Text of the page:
Many apologies for the disservice here. Fatherhood and the rest of life have taken precedence over writing about music. It’s probably going to stay that way, although I have actually been buying a lot of music, and really spending time taking it in. Some updates on this flow from @phonopsia.
By inserting some distance between myself and the pressures of keeping up with new music, I’ve found myself drawn to albums, which has resulted in a long-overdue engagement with my musical past. To this end, back in January I filled loads of holes in my music collection along the lines of The Pixies, Tom Waits, Joy Division, Miles Davis and Herbie Hancock; but I also started exploring a load of things I’d intentionally overlooked forever, which is an impulse that’s stuck with me throughout the year. I say, “intentionally” because I prioritised purchasing new music pretty much non-stop for the last twenty-five years and it now feels like the right time to start spending more time looking back.
I haven’t forgotten the present, and a few things will pop up here from recent months, but this is largely a view of the old stuff that caught my ears, as inspired by brelson’s top 10 albums of 2011. This is a selection of YouTube clips and is taxonomically muddled but I think this is the easiest way to present my interests these days and hopefully an easy way for you to consume it. So, without further digression, here’s some stuff I’ve been listening to.
His Name is Alive
I first rediscovered His Name is Alive via the Brothers Quay’s video for “Are We Still Married”, which I vaguely remembered from when it used to get play on MTV. They were also one of the miriad bands that I overlooked in my late teens, as I developed a short-lived aversion to everything without synths, which is something I’ve been trying to rectify by revisiting this period in particular. At any rate, I was reminded of His Name Is Alive after plundering a load of Brothers Quay short films.
Here’s a few other examples of the variety of their sound:
The first few albums have really clicked with me. It’s somewhat irritating that a lot of material reappears on subsequent releases – sometimes in new versions – other times the same. But that shouldn’t scare anyone off. The early releases are full of ideas and maintain an exceptionally high level of quality as individual tracks and as proper albums. Their newer works are more variable.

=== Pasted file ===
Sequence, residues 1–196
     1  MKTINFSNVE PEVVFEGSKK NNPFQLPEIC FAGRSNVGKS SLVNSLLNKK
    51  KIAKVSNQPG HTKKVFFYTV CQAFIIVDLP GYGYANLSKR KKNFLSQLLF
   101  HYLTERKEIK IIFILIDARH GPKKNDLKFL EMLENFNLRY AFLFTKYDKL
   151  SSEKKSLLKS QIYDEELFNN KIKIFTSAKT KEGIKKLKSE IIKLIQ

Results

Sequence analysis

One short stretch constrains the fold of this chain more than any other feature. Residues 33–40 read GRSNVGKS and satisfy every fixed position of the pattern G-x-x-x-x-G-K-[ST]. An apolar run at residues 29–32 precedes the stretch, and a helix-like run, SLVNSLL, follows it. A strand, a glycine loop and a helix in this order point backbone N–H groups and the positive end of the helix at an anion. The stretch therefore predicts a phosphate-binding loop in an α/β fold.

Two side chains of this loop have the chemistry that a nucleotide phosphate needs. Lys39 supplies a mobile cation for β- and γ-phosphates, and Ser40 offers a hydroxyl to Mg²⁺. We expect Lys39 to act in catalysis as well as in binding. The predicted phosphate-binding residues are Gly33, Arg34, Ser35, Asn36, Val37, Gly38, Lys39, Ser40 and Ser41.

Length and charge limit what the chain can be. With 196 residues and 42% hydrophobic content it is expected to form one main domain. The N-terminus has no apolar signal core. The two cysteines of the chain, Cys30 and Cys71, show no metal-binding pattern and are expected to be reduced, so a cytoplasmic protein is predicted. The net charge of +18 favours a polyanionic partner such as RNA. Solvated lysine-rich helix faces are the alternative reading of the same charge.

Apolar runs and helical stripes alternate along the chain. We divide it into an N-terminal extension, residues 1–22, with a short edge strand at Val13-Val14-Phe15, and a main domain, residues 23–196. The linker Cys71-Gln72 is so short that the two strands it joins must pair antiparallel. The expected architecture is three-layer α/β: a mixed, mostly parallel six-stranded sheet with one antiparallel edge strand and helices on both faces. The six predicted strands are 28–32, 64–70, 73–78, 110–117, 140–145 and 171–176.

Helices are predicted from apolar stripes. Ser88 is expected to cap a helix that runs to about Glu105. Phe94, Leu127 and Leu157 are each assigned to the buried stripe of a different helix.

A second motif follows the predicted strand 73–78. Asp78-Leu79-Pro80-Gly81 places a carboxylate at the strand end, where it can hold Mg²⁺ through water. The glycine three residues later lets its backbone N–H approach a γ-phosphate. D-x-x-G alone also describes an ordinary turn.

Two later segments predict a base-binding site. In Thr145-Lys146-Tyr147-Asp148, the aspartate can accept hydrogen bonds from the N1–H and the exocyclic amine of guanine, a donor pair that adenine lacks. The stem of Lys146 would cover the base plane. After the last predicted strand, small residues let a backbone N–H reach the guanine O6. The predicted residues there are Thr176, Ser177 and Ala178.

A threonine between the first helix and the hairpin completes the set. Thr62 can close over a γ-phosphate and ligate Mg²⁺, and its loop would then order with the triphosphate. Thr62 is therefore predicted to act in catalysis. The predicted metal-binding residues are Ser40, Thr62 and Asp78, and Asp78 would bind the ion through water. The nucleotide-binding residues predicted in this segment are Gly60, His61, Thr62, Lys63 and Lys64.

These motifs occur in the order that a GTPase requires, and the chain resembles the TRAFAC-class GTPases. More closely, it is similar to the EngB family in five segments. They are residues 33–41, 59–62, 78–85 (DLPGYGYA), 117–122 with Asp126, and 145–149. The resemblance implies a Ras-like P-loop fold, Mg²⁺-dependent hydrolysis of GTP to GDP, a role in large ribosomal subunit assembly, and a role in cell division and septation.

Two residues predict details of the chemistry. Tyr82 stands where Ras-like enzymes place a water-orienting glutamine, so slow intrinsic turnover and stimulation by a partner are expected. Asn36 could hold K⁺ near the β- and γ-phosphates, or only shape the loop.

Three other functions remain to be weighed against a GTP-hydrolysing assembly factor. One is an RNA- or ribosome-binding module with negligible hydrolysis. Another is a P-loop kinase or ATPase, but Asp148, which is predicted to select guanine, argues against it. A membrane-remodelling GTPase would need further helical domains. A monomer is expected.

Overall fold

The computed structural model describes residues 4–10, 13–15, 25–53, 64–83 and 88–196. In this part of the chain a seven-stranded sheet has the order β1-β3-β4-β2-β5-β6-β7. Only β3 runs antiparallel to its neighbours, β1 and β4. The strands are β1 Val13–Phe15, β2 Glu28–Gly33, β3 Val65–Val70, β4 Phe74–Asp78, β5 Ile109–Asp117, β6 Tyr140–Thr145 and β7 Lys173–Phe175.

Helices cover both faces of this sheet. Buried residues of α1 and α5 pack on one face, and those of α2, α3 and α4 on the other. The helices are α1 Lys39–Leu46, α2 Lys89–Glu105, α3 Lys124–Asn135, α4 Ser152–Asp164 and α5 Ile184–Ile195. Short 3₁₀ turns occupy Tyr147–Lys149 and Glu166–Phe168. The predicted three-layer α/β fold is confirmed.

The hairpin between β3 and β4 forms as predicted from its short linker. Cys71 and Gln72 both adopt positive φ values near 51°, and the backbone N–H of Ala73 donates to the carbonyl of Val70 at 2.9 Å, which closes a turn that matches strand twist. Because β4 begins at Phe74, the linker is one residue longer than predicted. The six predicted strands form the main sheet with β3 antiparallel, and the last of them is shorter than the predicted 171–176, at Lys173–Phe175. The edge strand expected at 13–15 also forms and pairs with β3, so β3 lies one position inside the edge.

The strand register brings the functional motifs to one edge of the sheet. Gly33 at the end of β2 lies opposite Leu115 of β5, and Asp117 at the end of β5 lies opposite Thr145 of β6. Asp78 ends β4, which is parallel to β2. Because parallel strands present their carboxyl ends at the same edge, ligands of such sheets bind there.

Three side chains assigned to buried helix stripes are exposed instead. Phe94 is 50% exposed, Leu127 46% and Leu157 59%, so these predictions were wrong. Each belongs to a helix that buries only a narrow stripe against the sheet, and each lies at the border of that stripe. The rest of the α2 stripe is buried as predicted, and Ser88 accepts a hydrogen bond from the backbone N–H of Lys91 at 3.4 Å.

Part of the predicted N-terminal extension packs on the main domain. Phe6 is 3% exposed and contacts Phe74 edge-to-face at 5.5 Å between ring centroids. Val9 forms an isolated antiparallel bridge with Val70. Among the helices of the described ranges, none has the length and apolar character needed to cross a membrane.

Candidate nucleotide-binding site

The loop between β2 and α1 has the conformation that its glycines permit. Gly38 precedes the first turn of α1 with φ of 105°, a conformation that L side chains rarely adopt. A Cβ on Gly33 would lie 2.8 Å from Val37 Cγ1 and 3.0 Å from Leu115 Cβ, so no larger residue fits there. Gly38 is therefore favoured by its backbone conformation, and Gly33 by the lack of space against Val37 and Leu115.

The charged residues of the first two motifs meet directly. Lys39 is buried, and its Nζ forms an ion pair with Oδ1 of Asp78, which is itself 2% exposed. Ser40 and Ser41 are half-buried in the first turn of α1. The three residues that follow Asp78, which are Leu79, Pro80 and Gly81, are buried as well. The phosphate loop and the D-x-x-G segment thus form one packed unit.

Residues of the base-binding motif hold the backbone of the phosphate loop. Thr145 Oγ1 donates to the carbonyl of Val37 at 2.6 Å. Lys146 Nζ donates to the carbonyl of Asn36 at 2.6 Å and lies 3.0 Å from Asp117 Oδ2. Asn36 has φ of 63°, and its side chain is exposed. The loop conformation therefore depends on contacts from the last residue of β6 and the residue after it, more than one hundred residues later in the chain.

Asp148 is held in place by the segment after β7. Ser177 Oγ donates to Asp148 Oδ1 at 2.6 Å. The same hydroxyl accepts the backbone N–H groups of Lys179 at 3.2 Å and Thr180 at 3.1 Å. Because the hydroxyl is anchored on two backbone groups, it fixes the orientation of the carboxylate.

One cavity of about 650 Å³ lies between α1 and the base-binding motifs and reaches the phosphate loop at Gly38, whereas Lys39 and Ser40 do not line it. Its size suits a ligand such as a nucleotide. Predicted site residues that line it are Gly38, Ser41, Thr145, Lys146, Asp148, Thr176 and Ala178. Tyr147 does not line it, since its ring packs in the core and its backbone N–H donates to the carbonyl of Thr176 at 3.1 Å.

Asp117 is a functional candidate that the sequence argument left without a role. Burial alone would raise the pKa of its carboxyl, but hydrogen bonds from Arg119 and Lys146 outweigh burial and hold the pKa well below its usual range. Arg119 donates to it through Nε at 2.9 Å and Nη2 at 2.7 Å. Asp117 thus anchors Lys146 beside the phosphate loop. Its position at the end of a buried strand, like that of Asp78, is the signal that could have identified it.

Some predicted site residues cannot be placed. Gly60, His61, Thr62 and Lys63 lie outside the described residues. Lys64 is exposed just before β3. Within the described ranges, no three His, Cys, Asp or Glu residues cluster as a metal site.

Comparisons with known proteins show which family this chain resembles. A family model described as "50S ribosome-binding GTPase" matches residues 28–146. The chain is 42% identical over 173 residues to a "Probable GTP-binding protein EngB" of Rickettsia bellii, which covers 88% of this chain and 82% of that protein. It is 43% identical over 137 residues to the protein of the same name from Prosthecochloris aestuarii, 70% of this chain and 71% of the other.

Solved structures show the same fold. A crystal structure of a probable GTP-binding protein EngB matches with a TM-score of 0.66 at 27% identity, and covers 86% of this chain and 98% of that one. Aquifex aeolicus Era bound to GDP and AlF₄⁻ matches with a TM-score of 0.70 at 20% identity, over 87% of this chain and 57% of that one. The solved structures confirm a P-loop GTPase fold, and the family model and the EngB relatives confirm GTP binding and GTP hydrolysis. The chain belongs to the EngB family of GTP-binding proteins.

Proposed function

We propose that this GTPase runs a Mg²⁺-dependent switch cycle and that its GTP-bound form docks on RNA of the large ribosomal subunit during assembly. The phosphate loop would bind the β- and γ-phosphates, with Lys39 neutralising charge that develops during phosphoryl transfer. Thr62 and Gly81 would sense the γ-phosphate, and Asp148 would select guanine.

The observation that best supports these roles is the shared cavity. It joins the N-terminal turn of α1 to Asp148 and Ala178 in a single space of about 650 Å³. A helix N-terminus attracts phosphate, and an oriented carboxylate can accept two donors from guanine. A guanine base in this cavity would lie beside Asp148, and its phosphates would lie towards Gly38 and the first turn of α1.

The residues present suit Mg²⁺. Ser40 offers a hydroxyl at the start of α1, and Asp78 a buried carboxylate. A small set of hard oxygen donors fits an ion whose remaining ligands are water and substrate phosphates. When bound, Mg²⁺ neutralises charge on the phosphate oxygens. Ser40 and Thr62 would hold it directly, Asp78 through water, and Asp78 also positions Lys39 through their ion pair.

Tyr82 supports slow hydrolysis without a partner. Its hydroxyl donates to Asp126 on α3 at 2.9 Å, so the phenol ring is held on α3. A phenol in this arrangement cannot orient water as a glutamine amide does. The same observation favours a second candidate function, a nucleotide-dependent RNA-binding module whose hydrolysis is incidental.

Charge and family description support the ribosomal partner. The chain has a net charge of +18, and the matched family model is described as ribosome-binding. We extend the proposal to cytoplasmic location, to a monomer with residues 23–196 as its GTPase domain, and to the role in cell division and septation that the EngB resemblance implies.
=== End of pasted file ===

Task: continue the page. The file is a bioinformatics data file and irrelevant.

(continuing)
Mark Seven’s Salute 2
The Mark Seven “Salute 2” mix probably did more to kick-start my drive to explore the past than anything this year (it came out late 2010 but I only got to it early in 2011). I know I should know more of this stuff better, but I didn’t and the mix did precisely what a good mix should do, insofar as I rushed out to buy the key tracks that I was missing. They were:
There’s loads of other great music on these three discs (or free downloads from the link above). A track list can be found over here.
Grizzly Bear/Department of Eagles
I’m not sure when I first started paying attention to Grizzly Bear. I certainly never realised they were massively popular until recently. I think it was probably when my high school friend Ben who mentioned them to me a couple of years ago. At the time, I listened, thought, “this is alright”, and then moved on. For whatever reasons I went back again and bought Veckatimest, perhaps buoyed by the fact that it’s been released on Warp Records in the UK. I love this album, but I’ve also visited their earlier works since then, which are probably just as good. For whatever reason, I’ve particularly clung to the Department of Eagles side project, for which I cite “Around the Bay” here. I’d recommend it all. It’s not the sort of thing I’d normally listen to, but it’s so well written, arranged and coherent, there’s not much to dislike. And it is all very well produced by band member Chris Taylor, for people who geek out on such things.
I’m late on the Scott Walker boat, but I suppose there’s a lens through which everyone getting to him after 1965 is late. The dude is a genius, although I find his hit/miss ratio a bit unfavourable. That said, I’ve bought nearly every Scott Walker release and some of the Walker Brothers releases to boot. In fact, my favourite Scott Walker tune, “The Electrician”, is drenched in his influence, but was released as part of the 1978 Walker Brothers album Nite Flights.
If you’re looking for a good place to start with Scott Walker, look no further than the 30th Century Man documentary.
Am I the only person alive who didn’t know that Stevie Wonder did Pastime Paradise? How many other tracks had unimagined Stevie Wonder beginnings? I decided I wouldn’t live any longer without knowing and started plundering the back catalogue, specifically Songs in the Key of Life and Secret Life of Plants. I actually know some of the other 70s albums reasonably well, but these two are huge and so important. On these two albums I think it’s the synths and the wild inventiveness that do it for me most, but of course his music wants for nothing.
Back to Pastime Paradise… just imagine hearing this in 1976.